Are Micronutrient Supplements an Option for ADHD?

 ADHD Weekly 2017-07-20

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Question: I saw an advertisement for a micronutrient pill to treat ADHD. I’m looking for options to treat my child’s ADHD symptoms.  Could adding micronutrients have an effect on his ADHD symptoms?

Answer: Recent research implies some people might benefit from including micronutrient supplements as part of their treatment plans, but the research doesn’t point towards using supplements in place of recommended treatment.

Supplementing with micronutrients, such as elemental micronutrients (including zinc, iron and magnesium) and vitamins (often Vitamin B and Vitamin D) is an open area of exploration. Some researchers and health care providers suspect ADHD symptoms could be worse if there are deficiencies in certain micronutrients available to a person’s brain. If this is so, could supplementing with micronutrients make a difference in ADHD symptoms? There have been some studies on micronutrients for ADHD but the evidence is inconclusive at this point.

Exploring micronutrients as a complementary approach

Julia Rucklidge, PhD, clinical psychology professor at University of Canterbury in Christchurch, New Zealand, and her colleagues published their research on micronutrient supplements as a possible treatment for ADHD in the British Journal of Psychiatry. The study included 80 adults diagnosed with ADHD. Half the participants received a proprietary broad-based micronutrient preparation as a dietary supplement, while the other half received a placebo preparation.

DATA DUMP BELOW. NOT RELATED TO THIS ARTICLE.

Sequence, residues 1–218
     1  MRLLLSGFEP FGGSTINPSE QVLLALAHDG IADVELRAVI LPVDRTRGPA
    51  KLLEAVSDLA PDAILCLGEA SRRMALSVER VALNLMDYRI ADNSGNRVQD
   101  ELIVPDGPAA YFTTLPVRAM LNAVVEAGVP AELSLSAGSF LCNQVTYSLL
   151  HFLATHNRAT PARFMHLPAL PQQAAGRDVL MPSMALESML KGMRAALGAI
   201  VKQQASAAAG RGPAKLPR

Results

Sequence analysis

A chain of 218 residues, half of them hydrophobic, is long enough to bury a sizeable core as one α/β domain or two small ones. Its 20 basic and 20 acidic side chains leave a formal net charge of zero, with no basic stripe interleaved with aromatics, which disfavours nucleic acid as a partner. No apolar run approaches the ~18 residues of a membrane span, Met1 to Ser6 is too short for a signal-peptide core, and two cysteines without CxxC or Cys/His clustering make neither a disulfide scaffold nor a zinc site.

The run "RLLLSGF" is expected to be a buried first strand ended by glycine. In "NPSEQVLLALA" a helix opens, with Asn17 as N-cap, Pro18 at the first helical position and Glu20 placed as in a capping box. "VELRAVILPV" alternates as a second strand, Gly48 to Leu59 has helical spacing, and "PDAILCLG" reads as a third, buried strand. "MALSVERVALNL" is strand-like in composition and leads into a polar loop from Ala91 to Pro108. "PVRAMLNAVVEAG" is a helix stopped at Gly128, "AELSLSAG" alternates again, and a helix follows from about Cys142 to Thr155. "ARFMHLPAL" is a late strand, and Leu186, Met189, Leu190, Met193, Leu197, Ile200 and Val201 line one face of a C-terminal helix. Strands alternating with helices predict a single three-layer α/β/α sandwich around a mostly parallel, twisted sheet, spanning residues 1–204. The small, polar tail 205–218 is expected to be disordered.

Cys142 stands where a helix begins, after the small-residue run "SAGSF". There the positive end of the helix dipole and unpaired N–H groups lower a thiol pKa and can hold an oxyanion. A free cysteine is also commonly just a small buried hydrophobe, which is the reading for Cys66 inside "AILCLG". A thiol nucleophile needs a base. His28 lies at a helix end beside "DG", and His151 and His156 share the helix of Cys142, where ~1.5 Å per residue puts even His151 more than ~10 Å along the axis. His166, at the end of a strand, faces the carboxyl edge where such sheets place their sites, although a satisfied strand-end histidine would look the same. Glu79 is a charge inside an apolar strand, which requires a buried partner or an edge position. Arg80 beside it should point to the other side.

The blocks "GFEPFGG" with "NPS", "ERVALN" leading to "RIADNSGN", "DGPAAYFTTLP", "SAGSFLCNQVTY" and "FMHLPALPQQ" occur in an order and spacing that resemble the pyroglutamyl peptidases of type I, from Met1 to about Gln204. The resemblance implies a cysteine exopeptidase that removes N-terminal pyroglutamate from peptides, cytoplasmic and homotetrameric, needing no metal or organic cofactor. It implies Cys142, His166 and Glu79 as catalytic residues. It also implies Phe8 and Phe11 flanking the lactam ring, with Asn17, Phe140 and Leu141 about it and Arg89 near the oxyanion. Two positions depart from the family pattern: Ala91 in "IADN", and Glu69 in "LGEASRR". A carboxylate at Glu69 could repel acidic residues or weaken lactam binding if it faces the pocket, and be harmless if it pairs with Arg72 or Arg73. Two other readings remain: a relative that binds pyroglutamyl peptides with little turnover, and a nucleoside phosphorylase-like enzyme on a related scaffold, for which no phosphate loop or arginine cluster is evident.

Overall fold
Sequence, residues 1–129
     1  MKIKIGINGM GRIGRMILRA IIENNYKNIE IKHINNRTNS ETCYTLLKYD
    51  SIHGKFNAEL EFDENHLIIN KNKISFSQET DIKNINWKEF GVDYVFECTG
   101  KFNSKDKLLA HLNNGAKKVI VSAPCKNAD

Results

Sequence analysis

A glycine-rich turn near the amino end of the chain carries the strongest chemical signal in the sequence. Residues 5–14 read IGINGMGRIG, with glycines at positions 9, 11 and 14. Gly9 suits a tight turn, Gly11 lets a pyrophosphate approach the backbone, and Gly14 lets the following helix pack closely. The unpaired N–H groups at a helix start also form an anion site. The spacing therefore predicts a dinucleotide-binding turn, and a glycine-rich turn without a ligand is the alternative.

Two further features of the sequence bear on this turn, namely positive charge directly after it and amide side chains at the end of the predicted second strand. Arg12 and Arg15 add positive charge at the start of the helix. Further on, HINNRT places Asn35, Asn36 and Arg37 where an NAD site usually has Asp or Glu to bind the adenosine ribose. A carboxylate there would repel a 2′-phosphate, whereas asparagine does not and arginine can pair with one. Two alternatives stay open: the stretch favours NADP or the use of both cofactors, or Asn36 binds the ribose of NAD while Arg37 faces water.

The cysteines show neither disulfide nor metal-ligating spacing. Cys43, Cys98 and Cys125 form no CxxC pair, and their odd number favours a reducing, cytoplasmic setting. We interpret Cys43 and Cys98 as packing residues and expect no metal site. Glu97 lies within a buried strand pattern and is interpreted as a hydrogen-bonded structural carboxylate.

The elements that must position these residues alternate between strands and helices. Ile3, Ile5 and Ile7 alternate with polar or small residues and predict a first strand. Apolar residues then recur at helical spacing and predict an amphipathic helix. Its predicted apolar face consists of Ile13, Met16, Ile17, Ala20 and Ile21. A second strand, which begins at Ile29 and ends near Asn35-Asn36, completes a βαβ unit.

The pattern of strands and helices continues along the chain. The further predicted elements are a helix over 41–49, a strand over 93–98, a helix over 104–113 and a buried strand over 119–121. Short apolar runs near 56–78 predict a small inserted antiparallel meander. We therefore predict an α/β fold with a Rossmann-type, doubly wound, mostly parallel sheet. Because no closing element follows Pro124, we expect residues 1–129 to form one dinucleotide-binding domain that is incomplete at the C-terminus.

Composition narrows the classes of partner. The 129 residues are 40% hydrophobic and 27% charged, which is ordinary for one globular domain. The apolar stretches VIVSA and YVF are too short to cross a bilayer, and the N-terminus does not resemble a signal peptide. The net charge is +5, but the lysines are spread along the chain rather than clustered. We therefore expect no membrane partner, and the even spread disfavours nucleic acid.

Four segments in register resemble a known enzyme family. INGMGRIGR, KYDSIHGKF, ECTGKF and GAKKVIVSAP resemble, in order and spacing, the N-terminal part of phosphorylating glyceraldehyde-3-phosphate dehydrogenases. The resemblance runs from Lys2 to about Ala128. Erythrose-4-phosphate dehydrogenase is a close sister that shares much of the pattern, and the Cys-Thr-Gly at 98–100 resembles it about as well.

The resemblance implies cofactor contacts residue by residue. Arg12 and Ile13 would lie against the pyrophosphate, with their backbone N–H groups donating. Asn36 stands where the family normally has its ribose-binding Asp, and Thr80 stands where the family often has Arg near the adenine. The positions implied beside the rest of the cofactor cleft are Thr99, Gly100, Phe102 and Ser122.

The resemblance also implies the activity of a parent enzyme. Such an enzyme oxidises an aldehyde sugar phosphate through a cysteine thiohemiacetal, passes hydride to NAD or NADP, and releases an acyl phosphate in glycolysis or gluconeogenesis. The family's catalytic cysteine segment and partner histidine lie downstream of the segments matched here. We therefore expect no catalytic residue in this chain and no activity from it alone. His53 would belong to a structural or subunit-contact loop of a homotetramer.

The study participants who received the broad-based micronutrient preparation had enough of an improvement in their symptoms, when compared to those who received the placebo, for Dr. Rucklidge to conclude that the study provides preliminary evidence for micronutrients to be used as part of treatment. However, the study was not conclusive and needs to be replicated by additional researchers before micronutrient supplementations based on broad-based micronutrient preparations could be recommended.

"This could open up treatment options for people with ADHD who may not tolerate medications or do not respond to first-line treatments," says Dr. Rucklidge in Medscape Medical News

Micronutrients for ADHD

CHADD Professional Advisory Board member Mary Solanto, PhD, says she can understand parents and adults being interested in micronutrients and the use of food as a treatment approach for ADHD. Dr. Solanto is an associate professor of Psychiatry and director of the ADHD Center in the Division of Child and Adolescent Psychiatry at Mount Sinai School of Medicine in New York City. A deficiency in a micronutrient would be a tempting “quick and easy” explanation for the cause of ADHD symptoms, she says.

“I think it reflects the understandable desire of parents to find an answer that they can implement quickly and easily,” Dr. Solanto says. “I think, in part, it does relate to the issue of wanting to avoid medication, because I think the dangers of medication have been overstated.”